the researchers interviewed nearly 100 meditators and meditation teachers from each of three main traditions: Theravāda, Zen, and Tibetan.
the researchers developed a taxonomy of 59 experiences organised into seven domains: cognitive, perceptual, affective (emotions and moods), somatic (relating to the body), conative (motivation or will), sense of self, and social.
all meditators reported multiple unexpected experiences across the seven domains of experience.
the duration of the effects people described in their interviews varied widely, ranging from a few days to months to more than a decade, the investigators report.
some meditators reported their feelings, even the desirable ones, went too far or lasted too long, or they felt violated, exposed, or disoriented.
meditation experiences that felt positive during retreats sometimes persisted and interfered with their ability to function or work when they left the retreat and returned to normal life.
the meditator’s practice intensity, psychiatric history, trauma history and the quality of supervision are important factors that influence the meditators experience, but not for everyone.
the study highlights that the one size fits all approach isn’t ideal: “The good news is that there are many different programs out there and different practices available, and with a little bit of homework and informed shopping, someone could find a really good match for what they are after,” she said. “But I think often people just sign up for whatever is the most convenient or the best marketed, and it’s not always a good match for their constitution or their goals.”
Dissecting the side effects
Here are the reported side effects with the percentage of people who reported them in brackets:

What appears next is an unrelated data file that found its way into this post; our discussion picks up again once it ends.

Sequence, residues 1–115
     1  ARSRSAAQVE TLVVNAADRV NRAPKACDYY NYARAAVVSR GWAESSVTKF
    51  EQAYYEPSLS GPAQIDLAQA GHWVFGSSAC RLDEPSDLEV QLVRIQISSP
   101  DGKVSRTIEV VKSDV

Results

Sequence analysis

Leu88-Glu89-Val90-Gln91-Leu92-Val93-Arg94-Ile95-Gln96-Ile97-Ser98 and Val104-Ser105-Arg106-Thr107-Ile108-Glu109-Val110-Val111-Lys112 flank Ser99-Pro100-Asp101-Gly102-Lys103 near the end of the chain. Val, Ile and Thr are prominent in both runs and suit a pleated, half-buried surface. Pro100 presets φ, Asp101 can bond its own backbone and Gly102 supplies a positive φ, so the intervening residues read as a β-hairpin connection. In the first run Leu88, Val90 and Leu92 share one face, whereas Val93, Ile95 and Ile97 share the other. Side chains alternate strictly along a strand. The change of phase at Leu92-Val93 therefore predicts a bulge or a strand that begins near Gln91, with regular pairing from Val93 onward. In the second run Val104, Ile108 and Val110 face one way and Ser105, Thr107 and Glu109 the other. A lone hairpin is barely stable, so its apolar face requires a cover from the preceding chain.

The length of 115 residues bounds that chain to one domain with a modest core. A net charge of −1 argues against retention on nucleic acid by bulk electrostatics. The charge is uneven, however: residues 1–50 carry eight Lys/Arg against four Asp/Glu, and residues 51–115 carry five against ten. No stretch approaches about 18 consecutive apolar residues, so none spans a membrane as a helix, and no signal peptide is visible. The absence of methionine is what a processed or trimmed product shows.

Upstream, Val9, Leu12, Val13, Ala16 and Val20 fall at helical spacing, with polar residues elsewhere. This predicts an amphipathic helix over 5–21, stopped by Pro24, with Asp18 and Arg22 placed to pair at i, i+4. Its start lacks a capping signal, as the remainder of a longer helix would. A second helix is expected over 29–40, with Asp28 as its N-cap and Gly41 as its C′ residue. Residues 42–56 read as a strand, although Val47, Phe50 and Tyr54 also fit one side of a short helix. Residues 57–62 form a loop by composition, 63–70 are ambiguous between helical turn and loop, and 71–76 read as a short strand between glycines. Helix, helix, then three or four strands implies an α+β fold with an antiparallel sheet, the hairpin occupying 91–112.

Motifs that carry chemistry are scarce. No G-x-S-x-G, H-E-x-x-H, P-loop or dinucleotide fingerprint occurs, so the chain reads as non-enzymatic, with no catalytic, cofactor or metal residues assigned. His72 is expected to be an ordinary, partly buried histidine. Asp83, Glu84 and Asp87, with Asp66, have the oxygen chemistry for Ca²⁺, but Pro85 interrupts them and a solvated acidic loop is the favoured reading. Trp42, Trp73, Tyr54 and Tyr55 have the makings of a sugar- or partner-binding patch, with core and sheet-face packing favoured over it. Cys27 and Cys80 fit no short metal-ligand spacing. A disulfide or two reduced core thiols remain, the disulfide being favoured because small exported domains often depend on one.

It’s fascinating to note that nearly 50% noted a change in worldview. Open mind, new philosophy – fair enough. I would be on the fence about saying that I have a different world view because of meditation. It’s clearer, it’s calmer, it’s more adaptable, but it’s not really changed. Thus, it is possible that people who try to meditate are often looking for a new worldview or are quite suggestible.
Nearly the same number of people reported delusional, irrational and paranormal beliefs! I guess this is all based on Buddhism and there is a strong religious element to it. However, people were clearly made uncomfortable by it. I certainly experienced this: this is why I tread carefully when I go exploring meditation resources. A huge number of them are zealous, either for reasons of unquestioning devotion, or commercial ones. Snake oil requires faith.
Again, over 40% reported hallucinations. Just as a reminder – delusions and hallucinations are the key ingredients of psychosis and good reason to admit someone to a psychiatric ward. Obviously, these must not be quite as persistent as those associated with psychiatric disease, but if I had seen this table before starting mindfulness, I would have thought much more carefully. In this sample, 32% of people had a prior psychiatric history. This doesn’t explain how common all these DSM-sounding symptoms are among them.
Fear, anxiety, panic or paranoia came up for over 80% of people. I think is more a reflection on the sample than on meditation. Why to people meditate? Often they come upon it as a cure for anxiety. Indeed, in my experience, besides actually getting rid of the anxiogenic stimulus, meditation is a great method to deal with it. Depression was very common too at over 50%. Anhedonia and avolition – being unable to experience pleasure and not having any desire to do anything – are hallmarks of depression and were experienced by 18%. Personally, anxiety has always accompanied meditation in some way or another, but not in a bad way. It’s a little bit like saying that exercise cause shortness of breath. However, panic and paranoia are step to far.